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10 Management Lessons They Don’t Teach You in Business School

School tries to teach you everything there is to know about management, including how to work with people. But there are some things you just have to learn for yourself—or learn from someone else who has already lived it. In an article for Inc., CEO Martin Zwilling discusses 10 tips for management that he lives by. But you might think some of them are controversial!

Tips of Real, Day-to-Day Management

  1. Get close to the people you manage: By building a basic working relationship with employees, they will be more willing to accept your feedback, even when it is negative.
  2. Don’t get involved in mediating relationship conflicts: Encourage direct communication, but do not get involved in any particular dispute between employees. You might just make things worse.
  3. Tolerate undesirable behaviors if results are solid: Zwilling believes it is okay if top-performers regularly come in late to meetings or take extra time off (etc.). He does not worry about accusations of favoritism because it is favoritism borne by stellar results. I would argue there are limits to this notion though; for instance, a high-performer who kills morale with a toxic attitude should not be tolerated regardless.
  4. Kick butt to motivate a sense of urgency: If people are not putting in their best effort—scare them straight.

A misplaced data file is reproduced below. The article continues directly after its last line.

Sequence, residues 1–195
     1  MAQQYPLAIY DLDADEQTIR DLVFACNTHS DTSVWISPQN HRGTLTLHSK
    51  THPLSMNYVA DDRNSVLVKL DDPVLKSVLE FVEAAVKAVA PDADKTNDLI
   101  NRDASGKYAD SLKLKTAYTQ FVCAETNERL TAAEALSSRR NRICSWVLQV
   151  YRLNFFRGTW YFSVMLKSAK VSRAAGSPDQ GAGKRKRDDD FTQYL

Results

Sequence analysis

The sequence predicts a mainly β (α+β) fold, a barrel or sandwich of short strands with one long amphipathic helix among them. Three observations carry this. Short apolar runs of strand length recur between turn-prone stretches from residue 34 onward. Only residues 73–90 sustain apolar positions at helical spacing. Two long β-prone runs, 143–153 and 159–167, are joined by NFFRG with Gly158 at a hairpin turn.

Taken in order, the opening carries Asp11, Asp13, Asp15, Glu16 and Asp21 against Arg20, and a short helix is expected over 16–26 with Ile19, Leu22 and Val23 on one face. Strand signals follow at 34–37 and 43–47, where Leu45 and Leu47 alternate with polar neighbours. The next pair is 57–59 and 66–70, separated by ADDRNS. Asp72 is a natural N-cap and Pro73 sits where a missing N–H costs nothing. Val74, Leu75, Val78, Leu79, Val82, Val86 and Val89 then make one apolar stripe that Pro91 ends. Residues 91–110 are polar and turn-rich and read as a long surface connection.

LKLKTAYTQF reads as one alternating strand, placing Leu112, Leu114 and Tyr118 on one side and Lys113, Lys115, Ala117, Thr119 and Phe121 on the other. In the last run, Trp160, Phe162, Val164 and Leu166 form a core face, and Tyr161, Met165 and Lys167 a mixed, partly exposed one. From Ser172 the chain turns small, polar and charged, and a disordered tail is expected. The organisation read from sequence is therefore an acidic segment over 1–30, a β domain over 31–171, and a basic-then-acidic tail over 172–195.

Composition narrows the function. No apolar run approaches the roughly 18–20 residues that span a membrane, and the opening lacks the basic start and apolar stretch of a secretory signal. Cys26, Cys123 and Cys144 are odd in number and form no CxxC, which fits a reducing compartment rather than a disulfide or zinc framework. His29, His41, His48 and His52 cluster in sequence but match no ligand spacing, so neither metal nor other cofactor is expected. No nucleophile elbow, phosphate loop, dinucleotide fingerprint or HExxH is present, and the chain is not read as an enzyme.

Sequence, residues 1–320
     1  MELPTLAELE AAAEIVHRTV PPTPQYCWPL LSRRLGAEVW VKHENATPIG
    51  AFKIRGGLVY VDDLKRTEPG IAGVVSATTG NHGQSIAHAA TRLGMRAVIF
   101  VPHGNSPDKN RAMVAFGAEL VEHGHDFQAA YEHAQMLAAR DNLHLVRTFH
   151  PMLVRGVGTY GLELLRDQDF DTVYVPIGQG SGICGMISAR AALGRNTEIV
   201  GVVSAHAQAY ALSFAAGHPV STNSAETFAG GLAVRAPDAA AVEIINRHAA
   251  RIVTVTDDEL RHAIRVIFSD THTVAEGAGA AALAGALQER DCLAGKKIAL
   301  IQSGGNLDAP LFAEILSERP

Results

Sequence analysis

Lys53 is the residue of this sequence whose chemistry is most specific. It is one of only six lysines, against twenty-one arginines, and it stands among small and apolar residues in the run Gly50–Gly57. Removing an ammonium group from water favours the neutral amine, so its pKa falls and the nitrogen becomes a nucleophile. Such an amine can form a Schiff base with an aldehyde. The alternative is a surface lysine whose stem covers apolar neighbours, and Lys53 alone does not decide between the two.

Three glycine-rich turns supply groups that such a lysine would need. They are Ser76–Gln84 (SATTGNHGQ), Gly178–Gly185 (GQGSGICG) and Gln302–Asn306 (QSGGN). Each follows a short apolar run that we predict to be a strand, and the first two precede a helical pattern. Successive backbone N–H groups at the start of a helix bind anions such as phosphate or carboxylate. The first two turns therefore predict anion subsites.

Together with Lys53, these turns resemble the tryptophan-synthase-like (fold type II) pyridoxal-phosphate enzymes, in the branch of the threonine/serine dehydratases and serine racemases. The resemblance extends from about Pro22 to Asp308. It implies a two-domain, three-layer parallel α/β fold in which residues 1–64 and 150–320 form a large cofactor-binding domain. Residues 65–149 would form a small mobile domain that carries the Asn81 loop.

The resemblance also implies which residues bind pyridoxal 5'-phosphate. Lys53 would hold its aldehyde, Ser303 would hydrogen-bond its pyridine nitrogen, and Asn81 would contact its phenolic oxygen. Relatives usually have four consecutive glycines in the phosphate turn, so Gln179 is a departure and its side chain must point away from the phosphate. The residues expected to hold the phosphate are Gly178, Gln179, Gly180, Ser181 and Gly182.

5. Solicit volunteers for unpopular tasks: You might discover someone actually does not mind doing that unpopular task.
  6. Invest more of your time with top performers: Top-performers are more receptive to coaching and feedback than low-performers, so it is probably a better use of time to engage the ace employees and keep growing them over others.
  7. Consider firing someone as the most caring thing to do: When someone is a bad fit for a role, let that person go, for everyone’s sake.
  8. Don’t chase hearsay, rumors, or gossip: You are too busy for that nonsense.
  9. Take action on legacy employees: Do not let allow them to become dead weight as the organization changes.
  10. Focus on hiring the right people who can replace you: If you want to have the best team, you need to hire people who can do some things better than you can.

For additional insights, you can view the original article here: https://www.inc.com/martin-zwilling/10-ways-to-be-a-better-manager-that-they-dont-teach-you-in-business-school.html

About John Friscia

John Friscia is the Editor of Computer Aid's Accelerating IT Success. He began working for Computer Aid, Inc. in 2013 and continues to provide graphic design support for AITS. He graduated summa cum laude from Shippensburg University with a B.A. in English.

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